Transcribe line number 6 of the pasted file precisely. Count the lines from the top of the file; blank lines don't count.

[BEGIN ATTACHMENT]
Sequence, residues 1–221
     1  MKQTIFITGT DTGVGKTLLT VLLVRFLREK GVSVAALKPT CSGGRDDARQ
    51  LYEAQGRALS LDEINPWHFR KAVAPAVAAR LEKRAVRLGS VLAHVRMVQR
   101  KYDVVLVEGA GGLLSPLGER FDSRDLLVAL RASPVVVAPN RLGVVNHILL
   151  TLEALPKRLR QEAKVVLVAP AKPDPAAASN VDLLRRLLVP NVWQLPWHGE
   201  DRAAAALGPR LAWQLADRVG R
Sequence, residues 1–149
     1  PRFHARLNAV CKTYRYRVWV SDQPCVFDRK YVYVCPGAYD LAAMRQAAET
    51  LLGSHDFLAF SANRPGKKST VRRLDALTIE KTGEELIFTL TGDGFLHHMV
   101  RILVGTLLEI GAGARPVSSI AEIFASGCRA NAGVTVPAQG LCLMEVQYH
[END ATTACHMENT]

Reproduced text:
   201  DRAAAALGPR LAWQLADRVG R